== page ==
Colorado mothers and fathers with a parenting time order have been wondering if the COVID-19 pandemic impacts their parenting plan. That’s a reasonable question, since the coronavirus threat has prompted many states, including Colorado, to enforce stay-at-home mandates and travel restrictions. Here are answers to some important questions regarding co-parenting in Colorado during the pandemic.
Are parenting time and parenting exchange orders still in effect? Can I still travel for parenting exchanges?
Yes. According to the latest Colorado Public Health Order on COVID-19, dated April 9, 2020, residents are ordered to stay home “whenever possible” except when they have to perform “necessary activities” or “necessary travel.” The health order clearly states that “travel required by law enforcement or court order” qualifies as necessary travel. This means that implementing a parenting time order is exempted from the stay-at-home mandate.
Likewise, courts across Colorado have clarified that they will continue to operate, albeit at a reduced capacity. Several judicial districts, including those of Denver, Boulder, and Broomfield, announced that they will carry on with petitions and hearings to restrict parenting time and for parental abduction prevention.
Meanwhile, the 4th Judicial District (encompassing El Paso and Teller Counties) clearly state that “all existing court orders, including parenting time and parenting exchange orders, are not suspended by the Stay-at-Home Order issued by Governor Jared Polis, and shall continue to be followed unless otherwise modified by the court or agreement of the parties.”
Can I adjust the parenting plan for the duration of the pandemic?
Parents understandably want to limit their children’s travel time and exposure to the outdoors while there is still a high risk of coronavirus infection. Could parenting exchanges be adjusted temporarily? This is possible via two ways: petitioning the court to modify the parenting time order, or simply agreeing with the other parent to adjust it without going to court.
The first option takes time, especially as courts have reduced their operations. It is also subject to conditions – for example, parenting plan modifications are allowed only once every two years.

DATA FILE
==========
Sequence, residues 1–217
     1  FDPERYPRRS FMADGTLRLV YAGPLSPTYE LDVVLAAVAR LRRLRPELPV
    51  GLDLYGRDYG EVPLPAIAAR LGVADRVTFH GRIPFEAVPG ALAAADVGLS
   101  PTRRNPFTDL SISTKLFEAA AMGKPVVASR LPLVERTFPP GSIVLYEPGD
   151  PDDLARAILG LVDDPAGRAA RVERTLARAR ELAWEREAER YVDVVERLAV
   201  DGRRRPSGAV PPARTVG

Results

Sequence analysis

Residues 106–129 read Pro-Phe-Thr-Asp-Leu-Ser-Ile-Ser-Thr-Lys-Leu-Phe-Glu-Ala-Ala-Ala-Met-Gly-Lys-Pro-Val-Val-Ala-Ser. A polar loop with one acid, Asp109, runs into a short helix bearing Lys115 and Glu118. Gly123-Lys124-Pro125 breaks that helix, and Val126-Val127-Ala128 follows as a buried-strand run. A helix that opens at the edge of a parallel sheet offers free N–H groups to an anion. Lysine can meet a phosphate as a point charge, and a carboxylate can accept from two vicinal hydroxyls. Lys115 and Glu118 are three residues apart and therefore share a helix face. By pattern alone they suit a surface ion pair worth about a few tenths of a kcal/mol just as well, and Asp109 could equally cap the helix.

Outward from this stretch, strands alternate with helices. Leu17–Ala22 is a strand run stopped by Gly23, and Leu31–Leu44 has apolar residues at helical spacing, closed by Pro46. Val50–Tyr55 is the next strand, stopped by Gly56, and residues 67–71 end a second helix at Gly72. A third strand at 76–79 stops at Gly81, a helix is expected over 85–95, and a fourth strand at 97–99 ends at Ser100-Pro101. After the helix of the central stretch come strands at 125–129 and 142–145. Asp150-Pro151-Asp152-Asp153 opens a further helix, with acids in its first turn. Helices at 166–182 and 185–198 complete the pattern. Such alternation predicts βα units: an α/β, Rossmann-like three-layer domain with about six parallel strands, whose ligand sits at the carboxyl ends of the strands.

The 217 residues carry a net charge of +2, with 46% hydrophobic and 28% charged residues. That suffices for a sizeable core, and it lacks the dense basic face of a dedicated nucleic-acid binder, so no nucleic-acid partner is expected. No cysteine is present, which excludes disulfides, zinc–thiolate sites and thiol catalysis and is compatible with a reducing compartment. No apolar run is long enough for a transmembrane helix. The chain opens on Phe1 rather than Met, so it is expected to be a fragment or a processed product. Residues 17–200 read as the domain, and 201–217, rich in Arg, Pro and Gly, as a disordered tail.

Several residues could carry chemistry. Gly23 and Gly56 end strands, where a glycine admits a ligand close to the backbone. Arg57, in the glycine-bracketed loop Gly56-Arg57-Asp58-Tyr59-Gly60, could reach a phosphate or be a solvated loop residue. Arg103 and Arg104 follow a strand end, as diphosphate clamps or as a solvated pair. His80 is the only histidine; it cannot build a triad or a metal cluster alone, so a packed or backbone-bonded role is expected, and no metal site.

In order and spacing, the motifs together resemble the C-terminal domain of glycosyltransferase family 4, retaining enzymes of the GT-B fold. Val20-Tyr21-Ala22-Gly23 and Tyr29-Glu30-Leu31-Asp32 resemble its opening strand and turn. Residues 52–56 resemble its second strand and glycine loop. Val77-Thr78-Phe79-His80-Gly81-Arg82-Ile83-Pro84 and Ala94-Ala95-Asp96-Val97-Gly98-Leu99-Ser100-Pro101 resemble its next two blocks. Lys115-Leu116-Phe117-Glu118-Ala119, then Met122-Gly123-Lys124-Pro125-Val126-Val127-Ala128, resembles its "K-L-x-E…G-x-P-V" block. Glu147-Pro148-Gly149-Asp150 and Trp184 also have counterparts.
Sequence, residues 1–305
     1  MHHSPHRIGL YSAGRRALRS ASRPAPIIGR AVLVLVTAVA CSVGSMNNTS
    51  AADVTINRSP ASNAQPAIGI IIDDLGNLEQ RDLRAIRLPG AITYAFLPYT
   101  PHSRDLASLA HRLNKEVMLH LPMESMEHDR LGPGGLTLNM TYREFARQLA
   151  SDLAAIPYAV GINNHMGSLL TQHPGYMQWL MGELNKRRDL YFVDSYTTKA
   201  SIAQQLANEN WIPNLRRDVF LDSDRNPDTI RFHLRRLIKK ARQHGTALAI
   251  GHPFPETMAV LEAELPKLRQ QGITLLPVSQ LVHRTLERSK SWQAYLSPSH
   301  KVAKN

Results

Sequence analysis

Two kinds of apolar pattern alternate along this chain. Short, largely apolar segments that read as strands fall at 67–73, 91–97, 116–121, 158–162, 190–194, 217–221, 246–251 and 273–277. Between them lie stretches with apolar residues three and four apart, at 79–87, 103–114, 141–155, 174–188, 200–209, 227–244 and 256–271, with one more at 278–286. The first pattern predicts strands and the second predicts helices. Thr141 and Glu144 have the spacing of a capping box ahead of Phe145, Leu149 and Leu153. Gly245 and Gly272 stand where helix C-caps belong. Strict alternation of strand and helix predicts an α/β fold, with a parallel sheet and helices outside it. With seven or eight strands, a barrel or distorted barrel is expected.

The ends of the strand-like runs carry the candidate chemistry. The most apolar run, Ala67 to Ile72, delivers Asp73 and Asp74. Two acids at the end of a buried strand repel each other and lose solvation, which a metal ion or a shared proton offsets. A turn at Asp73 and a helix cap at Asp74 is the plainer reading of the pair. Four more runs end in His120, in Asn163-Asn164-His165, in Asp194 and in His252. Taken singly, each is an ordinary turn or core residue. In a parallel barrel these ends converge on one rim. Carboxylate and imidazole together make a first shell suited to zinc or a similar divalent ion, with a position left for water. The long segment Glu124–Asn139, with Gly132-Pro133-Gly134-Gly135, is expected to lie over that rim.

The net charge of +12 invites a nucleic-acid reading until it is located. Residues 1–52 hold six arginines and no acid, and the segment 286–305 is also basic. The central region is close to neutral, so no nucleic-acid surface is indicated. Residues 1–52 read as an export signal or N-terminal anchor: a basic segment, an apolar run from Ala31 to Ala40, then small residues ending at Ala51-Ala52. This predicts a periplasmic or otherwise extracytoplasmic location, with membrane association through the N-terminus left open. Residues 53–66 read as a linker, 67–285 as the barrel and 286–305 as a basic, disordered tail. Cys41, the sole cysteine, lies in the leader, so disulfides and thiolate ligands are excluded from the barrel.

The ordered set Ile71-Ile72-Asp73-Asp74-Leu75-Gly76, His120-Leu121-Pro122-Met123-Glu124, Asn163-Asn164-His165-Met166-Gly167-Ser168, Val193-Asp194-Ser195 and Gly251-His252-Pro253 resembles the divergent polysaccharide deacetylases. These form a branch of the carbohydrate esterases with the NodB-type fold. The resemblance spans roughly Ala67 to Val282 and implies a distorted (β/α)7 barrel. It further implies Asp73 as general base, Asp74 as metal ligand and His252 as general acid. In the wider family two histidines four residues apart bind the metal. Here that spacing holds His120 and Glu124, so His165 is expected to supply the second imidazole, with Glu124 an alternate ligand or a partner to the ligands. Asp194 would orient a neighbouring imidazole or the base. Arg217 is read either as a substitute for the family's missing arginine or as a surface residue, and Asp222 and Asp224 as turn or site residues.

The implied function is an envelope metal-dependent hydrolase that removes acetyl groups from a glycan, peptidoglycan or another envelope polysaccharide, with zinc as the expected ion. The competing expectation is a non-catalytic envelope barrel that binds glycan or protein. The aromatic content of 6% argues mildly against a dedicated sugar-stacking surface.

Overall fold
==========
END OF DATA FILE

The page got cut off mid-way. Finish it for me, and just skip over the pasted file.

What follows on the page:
The latter option can be more efficient since it does not involve a court process. Both parents can simply decide together on the temporary adjustments to be made, and put them in writing. However, these changes are not enforceable by court – neither parent is legally obligated to comply with them. Hence, this option may only work for co-parents who have an amicable relationship and can trust each other.
What are other choices for parents who agree to limit parenting exchanges?
- If you have a bi-weekly exchange, such as in a 5-2-2-5 or 3-4-4-3 arrangement, consider temporarily changing it to a week on/week off arrangement.
- To make up for longer waiting between exchanges, and to help your child adjust, arrange for virtual parenting time through video calls and chats.
- Include regular and open communication in your parenting time adjustments (which you put in writing). This helps reassure each parent that their child is receiving proper care and attention even when they’ve temporarily deviated from the court-ordered plan.
What if the other parent denies parenting time, citing COVID-19?
Normally, if one parent disobeys an existing parenting time order, the other parent could go to court and request that the violating parent be held in contempt. A contempt finding could result in fines or even jail time for the violator.
However, as the COVID-19 pandemic is a real and significant threat to human health, a parent may cite it as their reason for delaying the other parent’s parenting time. Whether or not this is a valid reason is up to the judge to determine, but this should give you enough pause before going to court right away. The best thing to do is to consult first with a Family Law attorney regarding your specific situation.
What if the other parent is positive for COVID-19?
If your co-parent – or someone in their household – tests positive for the coronavirus, it is paramount that the child not be in the same environment as them.
First, talk to the co-parent about halting the parenting exchange for the time being. Hopefully, they will be reasonable enough to agree. But if not, one other option is to file a motion with the court to restrict that parent’s parenting time. Once this motion is filed, parenting time for that parent will be automatically restricted for a maximum of two weeks, unless there is a formal ruling stating otherwise. Talk to a reliable Family Law attorney about this motion.
Whether you are trying to adjust your parenting plan, experiencing some issues with your co-parent, or just needing some clarifications about your court order, we at Goldman Law can help you. Our experienced attorneys are constantly up-to-date with legal developments surrounding the novel coronavirus. We can provide sound legal advice. Call us today at (303) 656-9529.